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Chediak-Higashi syndrome

Definition

Chediak-Higashi syndrome is rare disease of the immune and nervous systems that involves by pale-colored hair, eyes, and skin.

Causes, incidence, and risk factors

Chediak-Higashi syndrome is passed down through families (inherited). It is an autosomal recessive disease. This means that both parents must pass the faulty gene to the child to show symptoms of the disease.

Defects have been found in the CHS1 (also called LYST) gene. The primary defect in this disease is found in certain substances normally present in skin cells and certain white blood cells.

Symptoms

Children with this condition may have:

  • Silver hair, light-colored eyes (albinism)
  • Increased infections in the lungs, skin, and mucous membranes
  • Jerky eye movements (nystagmus)

Infection of affected children with certain viruses, such as Epstein-Barr virus (EBV), can cause a deadly illness resembling the blood cancer lymphoma.

Other symptoms may include:

  • Decreased vision
  • Intellectual disability (mental retardation)
  • Muscle weakness
  • Nerve problems in the limbs (peripheral neuropathy)
  • Nosebleeds or easy bruising
  • Numbness
  • Tremor
  • Seizures
  • Sensitivity to bright light (photophobia)
  • Unsteady walking (ataxia)

Signs and tests

The doctor will perform a physical exam. This may show signs of a swollen spleen or liver or jaundice.

Tests that may be done include:

  • Complete blood count, including white blood cell count
  • Blood platelet count
  • Blood culture and smear
  • Brain MRI or CT
  • EEG
  • EMG
  • Nerve conduction tests

Treatment

There is no specific treatment for Chediak-Higashi syndrome. Bone marrow transplants appear to have been successful in several patients, especially when performed early in the disease.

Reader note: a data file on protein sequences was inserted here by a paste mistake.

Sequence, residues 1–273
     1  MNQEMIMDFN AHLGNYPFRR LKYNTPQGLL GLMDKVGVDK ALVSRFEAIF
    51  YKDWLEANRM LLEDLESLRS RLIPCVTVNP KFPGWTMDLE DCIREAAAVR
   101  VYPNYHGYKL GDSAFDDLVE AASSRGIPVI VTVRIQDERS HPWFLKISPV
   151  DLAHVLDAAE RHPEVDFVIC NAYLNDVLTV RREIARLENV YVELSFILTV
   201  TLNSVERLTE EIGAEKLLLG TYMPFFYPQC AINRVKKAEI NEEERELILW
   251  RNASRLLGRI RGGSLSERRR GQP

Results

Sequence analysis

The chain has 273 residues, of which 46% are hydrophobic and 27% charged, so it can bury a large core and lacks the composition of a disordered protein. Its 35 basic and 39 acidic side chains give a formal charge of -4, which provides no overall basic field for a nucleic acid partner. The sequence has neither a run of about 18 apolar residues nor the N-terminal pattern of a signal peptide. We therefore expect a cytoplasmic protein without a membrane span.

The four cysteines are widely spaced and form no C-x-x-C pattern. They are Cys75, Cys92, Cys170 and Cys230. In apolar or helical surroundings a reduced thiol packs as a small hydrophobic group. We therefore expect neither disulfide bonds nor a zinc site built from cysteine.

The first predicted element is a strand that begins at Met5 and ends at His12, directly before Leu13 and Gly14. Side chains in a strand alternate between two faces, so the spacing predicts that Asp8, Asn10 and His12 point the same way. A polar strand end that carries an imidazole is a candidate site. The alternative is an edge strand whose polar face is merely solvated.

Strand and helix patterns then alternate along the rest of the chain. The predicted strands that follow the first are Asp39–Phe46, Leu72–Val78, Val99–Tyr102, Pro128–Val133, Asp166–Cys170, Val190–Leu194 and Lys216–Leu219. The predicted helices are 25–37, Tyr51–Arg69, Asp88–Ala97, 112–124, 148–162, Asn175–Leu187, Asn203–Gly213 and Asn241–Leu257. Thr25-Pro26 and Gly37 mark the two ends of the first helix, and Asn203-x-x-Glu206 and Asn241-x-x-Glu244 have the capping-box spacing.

Antibiotics are used to treat infections. Antiviral drugs such as acyclovir and chemotherapy drugs are often used in the accelerated phase of the disease. Surgery may be needed to drain abscesses in some cases.

Support Groups

Chediak-Higashi Syndrome Association -- www.chediak-higashi.org

Expectations (prognosis)

Death often occurs in the first 10 years of life, from chronic infections or accelerated disease that results in lymphoma-like illness. However, some affected children have survived longer.

Complications

  • Frequent infections especially with Epstein-Barr virus
  • Lymphoma-like cancer
  • Early death

Calling your health care provider

Call your health care provider if you have a family history of this disorder and you are planning to have children.

Call for an appointment with your health care provider if your child shows symptoms of Chediak-Higashi syndrome.

Prevention

Genetic counseling is recommended before becoming pregnant if you have a family history of Chediak-Higashi.

References

Boxer LA. Disorders of Phagocyte Function. In: Kliegman RM, Behrman RE, Jenson HB, Stanton BF, eds. Nelson Textbook of Pediatrics. 18th Ed. Philadelphia, Pa: Saunders Elsevier; 2007: chap 129.


Review Date: 8/4/2011
Reviewed By: Chad Haldeman-Englert, MD, Wake Forest University School of Medicine, Department of Pediatrics, Section on Medical Genetics, Winston-Salem, NC. Review provided by VeriMed Healthcare Network. Also reviewed by David Zieve, MD, MHA, Medical Director, A.D.A.M., Inc.
The information provided herein should not be used during any medical emergency or for the diagnosis or treatment of any medical condition. A licensed medical professional should be consulted for diagnosis and treatment of any and all medical conditions. Call 911 for all medical emergencies. Links to other sites are provided for information only -- they do not constitute endorsements of those other sites. © 1997- A.D.A.M., Inc. Any duplication or distribution of the information contained herein is strictly prohibited.
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